In this week’s news highlights: Eritreans and Ethiopians increasingly trapped in Sudan, while EU funds authorities; Africa Monitors reports on effects border closure; EU ambassadors react to Sudan arrests; Kenyan and Ugandan arms prolong South Sudanese civil war, says UN official; Eritrea responds to dismissal of official by Dutch government; Head of Eritrean church in US urges Israel to stop deportations; four stories of Eritrean refugees; EU discusses Post-Cotonou agreement and human rights in ACP countries; EU puts fighting smuggling over helping victims of trafficking; demonstration against deportations from Israel; and Libya testimonies.
Greater Horn of Africa
Sudan: Eritreans and Ethiopians trapped while EU funds authorities
IRIN published an extensive article based on interviews with refugees, local journalists and lawyers. Even though the EU has allocated millions to Sudan as a transit country to stem migration, people from Eritrea and Ethiopia are being captured and exploited there, with Sudanese authorities profiting, according to the interviews. According to interviewees, EU funding does not sufficiently take human rights into account and it is forcing refugees and migrants to take ever greater risks to escape dangerous situations.
Sudan: European Ambassadors react to excessive force and arbitrary detentions
Dozens of people protesting against austerity measures were arrested by the Sudanese security forces, states Human Rights Watch.European embassies in Sudan condemned the violent treatment of peaceful civilians. Concern has also been raised over the fact that security agents confiscate newspapers critical towards the authorities.
Sudan and Eritrea: the effects of border closure
Africa Monitors report on the effects of the closing of the Eritrean-Sudanese border by Sudan and the mobilization of troops. Surveillance on Eritreans in Sudan is tight and scarcity of goods is observed in Eritrea.
South Sudan: Kenya and Uganda prolong South Sudanese conflict, UN official states
A senior UN Official accused the two countries of contributing to the persistence of the South Sudanese civil war by transferring arms and ammunition. Joint regional and international efforts are needed to put an end to the conflict and start the negotiationsfor peace procedures to begin, said the UN special advisor for prevention of genocide.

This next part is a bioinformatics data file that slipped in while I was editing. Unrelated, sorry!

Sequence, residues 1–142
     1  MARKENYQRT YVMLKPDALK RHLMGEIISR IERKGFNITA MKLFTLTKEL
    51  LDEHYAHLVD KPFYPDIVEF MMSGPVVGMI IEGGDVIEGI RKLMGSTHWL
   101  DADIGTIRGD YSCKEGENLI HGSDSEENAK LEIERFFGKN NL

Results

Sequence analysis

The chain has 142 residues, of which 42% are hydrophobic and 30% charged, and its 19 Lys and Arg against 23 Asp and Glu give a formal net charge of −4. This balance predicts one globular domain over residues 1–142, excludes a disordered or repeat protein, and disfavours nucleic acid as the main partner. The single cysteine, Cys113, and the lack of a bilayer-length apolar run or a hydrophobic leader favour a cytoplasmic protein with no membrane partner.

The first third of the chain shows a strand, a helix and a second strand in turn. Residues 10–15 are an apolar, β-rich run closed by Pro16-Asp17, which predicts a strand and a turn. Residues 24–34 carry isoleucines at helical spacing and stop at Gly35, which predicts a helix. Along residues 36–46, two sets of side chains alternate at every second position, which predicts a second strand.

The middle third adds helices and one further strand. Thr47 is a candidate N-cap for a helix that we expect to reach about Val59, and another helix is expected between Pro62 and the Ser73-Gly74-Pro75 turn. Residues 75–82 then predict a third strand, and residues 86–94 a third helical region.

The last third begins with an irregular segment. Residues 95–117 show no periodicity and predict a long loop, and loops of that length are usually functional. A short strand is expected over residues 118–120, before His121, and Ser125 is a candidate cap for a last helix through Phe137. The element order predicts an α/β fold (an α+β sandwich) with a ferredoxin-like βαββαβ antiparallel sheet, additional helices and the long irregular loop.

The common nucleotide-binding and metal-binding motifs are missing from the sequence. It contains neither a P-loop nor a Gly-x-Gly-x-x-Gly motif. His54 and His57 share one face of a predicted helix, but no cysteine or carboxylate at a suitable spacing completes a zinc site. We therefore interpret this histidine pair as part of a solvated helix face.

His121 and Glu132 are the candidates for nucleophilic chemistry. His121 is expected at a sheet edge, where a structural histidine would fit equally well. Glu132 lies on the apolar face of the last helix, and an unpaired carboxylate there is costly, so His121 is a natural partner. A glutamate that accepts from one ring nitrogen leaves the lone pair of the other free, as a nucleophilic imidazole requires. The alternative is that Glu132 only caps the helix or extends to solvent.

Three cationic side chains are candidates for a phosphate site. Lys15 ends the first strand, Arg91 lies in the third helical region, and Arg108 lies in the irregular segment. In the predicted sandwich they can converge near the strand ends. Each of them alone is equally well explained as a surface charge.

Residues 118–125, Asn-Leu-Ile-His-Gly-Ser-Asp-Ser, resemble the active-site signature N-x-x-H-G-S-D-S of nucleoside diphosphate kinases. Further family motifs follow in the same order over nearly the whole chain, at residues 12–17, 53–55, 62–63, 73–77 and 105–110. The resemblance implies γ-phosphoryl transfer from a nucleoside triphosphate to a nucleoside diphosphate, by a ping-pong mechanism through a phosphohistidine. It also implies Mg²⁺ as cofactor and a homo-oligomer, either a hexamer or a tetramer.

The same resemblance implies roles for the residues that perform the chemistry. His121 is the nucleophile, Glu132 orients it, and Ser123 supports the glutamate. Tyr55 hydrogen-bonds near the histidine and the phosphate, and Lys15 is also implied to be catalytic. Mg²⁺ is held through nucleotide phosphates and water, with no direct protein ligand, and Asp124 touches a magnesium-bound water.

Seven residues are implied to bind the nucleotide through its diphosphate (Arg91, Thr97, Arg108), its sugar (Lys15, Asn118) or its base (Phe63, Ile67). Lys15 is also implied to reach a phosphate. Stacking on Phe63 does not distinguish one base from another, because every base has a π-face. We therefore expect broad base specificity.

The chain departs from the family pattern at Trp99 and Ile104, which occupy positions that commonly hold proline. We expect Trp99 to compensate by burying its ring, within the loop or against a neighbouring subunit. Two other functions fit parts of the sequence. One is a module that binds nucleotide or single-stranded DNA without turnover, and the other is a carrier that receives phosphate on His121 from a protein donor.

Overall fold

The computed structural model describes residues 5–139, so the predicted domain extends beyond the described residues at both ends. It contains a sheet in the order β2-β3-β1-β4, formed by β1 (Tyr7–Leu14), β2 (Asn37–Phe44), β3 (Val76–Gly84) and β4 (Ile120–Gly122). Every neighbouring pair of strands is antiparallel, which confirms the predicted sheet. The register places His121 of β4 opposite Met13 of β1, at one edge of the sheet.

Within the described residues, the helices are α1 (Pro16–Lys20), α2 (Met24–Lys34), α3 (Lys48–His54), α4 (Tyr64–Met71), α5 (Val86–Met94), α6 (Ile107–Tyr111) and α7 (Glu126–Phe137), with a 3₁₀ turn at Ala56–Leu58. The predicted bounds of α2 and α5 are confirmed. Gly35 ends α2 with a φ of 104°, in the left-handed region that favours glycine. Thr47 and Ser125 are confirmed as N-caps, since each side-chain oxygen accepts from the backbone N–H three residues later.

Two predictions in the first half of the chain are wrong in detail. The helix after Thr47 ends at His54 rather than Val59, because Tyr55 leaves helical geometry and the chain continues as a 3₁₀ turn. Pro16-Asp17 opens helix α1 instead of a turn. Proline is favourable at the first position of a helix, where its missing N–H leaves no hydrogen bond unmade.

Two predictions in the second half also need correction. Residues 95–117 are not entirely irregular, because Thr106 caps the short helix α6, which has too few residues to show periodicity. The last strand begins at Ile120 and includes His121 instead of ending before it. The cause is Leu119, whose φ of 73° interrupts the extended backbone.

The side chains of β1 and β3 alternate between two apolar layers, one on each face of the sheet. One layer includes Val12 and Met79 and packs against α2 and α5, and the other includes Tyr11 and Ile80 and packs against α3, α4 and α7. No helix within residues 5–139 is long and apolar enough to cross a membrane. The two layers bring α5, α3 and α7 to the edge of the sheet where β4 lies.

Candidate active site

Eritrea: Harsh reactions against last week’s dismissal of Eritrean ambassador in The Hague
Two weeks ago, the Head of the Eritrean Embassy in The Hague was declared ‘persona non grata’ by the Dutch government and his immediate departure was demanded. The Eritrean government pushed back, with a formal announcement saying that the Eritrean Ministry of Foreign Affairs “is naturally considering appropriate reciprocal measures that it will have to take to partially redress the wrong.”
Eritrea: Head of Eritrean Church in the US urges Israel to give shelter to Eritreans
Abune Makarios has asked the British government to persuade Israeliauthoritiesnot to deport incoming African refugees, many of those being Eritreans. Noting the perilous situations they face when deported, Makarios asked Israel to give them shelter.
Eritrea: Contemporary Tragedies – Eritreans speak out
Four Eritreans have narrated their distressing experiences to the Eritrean-Swedish radio activist Meron Estefanos. The article describes in detail their experiences and sheds light on the deadlocksEritreans face in the contemporary era.
Europe: EU’s focus on tackling smuggling means trafficking victims are forgotten on the EU is focused too much on ways to tackle smuggling rather than human trafficking, states the Organization for Security and Co-operation in Europe (OSCE) in a report. Many smuggled migrants are penalized for immigration offences while trafficking victims are disregarded. “The presence of unidentified and unprotected victims of human trafficking allows criminal activities to flourish…and so potentially turning a humanitarian emergency into a security crisis,” the OSCE stressed.
European Union: EU institutions discussing Post-Cotonou agreement and human rights in ACP countries
Last week, meetings took place in the European Parliament with the Commission in attendance, discussing the Cotonou Agreement that governs the relations between the European Union (EU) and the ACP countries, and which expires in 2020. In the coming two years, a new text will be negotiated including changes and new additions to make it more applicable to the current ever-changing state of play. European Parliament members emphasised the importance of human rights.
- European Parliament discusses human rights in ACP countries
- With 2020 deadline Approaching, EU Institutions initiate talks for a post-Cotonou Agreement
Netherlands: demonstration against Rwanda’s participation in deportations from Israel
On Saturday 3 February, a demonstration will take place at the Rwandan embassy in The Hague against Rwanda’s role in the mistreatment and deportation from Eritrean and Sudanese refugees from Israel. Similar demonstrations will take place at other Rwandan embassies worldwide.
Libya: Testimonies of two Eritreans stuck in Libya Through a smuggled phone, two Eritreans stuck in Libya talk about their situation. Trapped in a war zone, with neither money nor food, they describe the excessive force they experienced, physically and mentally. According to the International Organization for Migration, the number of migrants in Libya has reached 700,000-1 million.